February 11, 1948.
Benjamin A. Hartstein and Franklyn M. Stone for plaintiff.
Clarence E. Mellen for defendant.
The complaint alleges that the moving defendant is the manufacturer of a suppository. Upon the prescription of the other defendant, a physician, suppositories were administered to plaintiff's intestate, a child, thirteen months old. The suppositories were manufactured in two sizes, one for children, one for adults. The physician prescribed administration of two child-sized tablets daily for two days. It is alleged that a proper dose for a child of this age was one-half tablet daily. It is alleged that the child died as a result of the overdose.
To establish the liability of the moving defendant, plaintiff alleges that these suppositories were available to the public only upon the issuance of a doctor's prescription. The complaint further states that the medical profession was not generally familiar with this product and that the defendant advised physicians as to its uses, ingredients and the like by means of advertisements in medical journals. In these advertisements, it is alleged, information as to dosage was either omitted or not given with sufficient emphasis or clarity. Further, it is urged that defendant was negligent in failing to manufacture a suppository of half the strength of the regular children's size to be used by very young infants.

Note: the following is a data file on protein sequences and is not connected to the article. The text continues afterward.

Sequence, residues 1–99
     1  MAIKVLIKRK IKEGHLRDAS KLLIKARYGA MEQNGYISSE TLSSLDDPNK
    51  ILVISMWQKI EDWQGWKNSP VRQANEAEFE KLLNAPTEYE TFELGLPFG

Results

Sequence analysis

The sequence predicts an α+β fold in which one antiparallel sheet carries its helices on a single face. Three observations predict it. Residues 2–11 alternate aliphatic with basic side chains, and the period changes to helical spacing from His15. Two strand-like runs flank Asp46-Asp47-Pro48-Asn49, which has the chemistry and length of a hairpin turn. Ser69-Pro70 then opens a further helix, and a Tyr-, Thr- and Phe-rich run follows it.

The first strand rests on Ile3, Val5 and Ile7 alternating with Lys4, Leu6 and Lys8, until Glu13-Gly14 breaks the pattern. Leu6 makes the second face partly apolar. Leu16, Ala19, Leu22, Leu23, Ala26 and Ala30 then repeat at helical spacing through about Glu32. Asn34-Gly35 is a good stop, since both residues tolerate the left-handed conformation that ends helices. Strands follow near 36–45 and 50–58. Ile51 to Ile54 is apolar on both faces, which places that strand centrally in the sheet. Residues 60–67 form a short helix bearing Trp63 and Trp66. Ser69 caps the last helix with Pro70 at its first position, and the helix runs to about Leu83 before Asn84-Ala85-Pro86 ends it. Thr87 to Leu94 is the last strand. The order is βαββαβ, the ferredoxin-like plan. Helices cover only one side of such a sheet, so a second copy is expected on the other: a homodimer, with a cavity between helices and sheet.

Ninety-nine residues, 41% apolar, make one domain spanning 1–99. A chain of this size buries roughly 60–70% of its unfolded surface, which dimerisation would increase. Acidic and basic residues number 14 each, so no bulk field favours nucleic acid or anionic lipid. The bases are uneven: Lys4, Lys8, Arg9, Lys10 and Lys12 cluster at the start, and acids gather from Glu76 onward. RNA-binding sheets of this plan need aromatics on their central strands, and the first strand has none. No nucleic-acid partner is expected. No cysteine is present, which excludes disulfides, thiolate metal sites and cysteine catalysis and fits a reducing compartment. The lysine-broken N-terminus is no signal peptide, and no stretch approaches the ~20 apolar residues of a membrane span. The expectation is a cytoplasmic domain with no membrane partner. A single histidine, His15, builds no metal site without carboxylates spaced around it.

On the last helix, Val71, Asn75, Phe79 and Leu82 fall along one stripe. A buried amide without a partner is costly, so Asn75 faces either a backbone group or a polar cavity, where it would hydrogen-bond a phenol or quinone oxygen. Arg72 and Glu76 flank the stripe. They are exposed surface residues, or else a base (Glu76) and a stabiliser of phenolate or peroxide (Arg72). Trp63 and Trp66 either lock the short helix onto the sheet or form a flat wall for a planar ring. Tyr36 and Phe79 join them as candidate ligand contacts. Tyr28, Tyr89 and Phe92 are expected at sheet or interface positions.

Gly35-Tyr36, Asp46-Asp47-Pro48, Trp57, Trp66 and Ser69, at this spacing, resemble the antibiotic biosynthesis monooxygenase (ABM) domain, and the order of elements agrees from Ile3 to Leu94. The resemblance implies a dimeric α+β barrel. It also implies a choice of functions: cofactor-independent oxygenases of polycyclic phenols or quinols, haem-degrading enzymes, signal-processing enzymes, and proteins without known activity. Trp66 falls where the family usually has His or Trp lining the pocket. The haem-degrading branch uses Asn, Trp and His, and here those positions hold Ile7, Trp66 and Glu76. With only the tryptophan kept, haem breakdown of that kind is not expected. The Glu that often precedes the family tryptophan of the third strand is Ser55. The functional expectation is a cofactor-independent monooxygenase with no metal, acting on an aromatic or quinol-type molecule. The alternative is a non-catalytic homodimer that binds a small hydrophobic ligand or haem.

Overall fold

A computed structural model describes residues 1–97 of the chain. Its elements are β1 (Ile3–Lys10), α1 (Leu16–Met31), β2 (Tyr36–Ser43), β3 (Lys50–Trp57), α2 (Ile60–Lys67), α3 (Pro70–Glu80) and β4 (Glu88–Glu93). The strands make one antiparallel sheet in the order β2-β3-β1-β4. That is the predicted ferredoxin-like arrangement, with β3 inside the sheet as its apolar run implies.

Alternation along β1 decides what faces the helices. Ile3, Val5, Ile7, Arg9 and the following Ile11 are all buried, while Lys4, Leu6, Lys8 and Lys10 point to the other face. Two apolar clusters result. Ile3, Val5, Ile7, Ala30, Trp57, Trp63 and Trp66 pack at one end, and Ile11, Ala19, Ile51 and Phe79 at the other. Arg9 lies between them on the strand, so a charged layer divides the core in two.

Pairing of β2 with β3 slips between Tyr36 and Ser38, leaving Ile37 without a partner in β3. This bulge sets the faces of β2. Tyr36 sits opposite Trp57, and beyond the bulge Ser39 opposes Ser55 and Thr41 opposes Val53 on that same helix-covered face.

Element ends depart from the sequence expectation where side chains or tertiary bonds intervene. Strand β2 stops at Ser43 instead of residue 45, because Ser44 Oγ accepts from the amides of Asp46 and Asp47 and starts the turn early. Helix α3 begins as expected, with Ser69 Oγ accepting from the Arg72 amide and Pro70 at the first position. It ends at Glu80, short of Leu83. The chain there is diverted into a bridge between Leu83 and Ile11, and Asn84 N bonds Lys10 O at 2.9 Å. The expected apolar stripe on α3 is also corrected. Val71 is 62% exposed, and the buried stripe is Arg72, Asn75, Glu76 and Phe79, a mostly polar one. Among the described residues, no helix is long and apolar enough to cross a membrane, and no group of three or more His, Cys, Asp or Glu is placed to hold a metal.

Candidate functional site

The last specification can be at once discarded. Defendant was under no obligation to manufacture any suppositories, nor if it did to supply ones that were suitable to any age group. Moreover, it is difficult to see on what basis this defendant can be liable to plaintiff. It made no representation to plaintiff, nor did it hold out its product to plaintiff as having any properties whatsoever. To physicians it did make representations. And should any of these be false it might be claimed with propriety that they were made for the benefit of the ultimate consumers. But there is no such claim. The sole claim is not misrepresentation or even concealment, but a negligent failure to give adequate information, and in some instances a failure to use adequate means to call attention to the information given. It may be safely conceded that these allegations would be sufficient if the product were sold to the public generally as a drug for which no physician's prescription was necessary. The situation alleged is materially different. There is no reason to believe that a physician would care to disregard his own knowledge of the effects of drugs and hence of the quantity to be administered, and substitute for his own judgment that of a drug manufacturer. Nor is there any reason to expect that if a doctor did choose to rely on the information given by the manufacturer he would prescribe without knowing what that information was. In the absence of any such grounds for belief there would be no negligence.
Plaintiff's brief makes reference to the Federal Food, Drug and Cosmetic Act (U.S. Code, tit. 21, § 301 et seq.) and identical provisions in the New York State Education Law. Whether there is a cause of action under these statutes cannot be determined. The complaint is not drawn along those lines and the necessary facts are not alleged.
Motion is granted with leave to serve an amended complaint on or before February 19, 1948, on payment of $10 costs.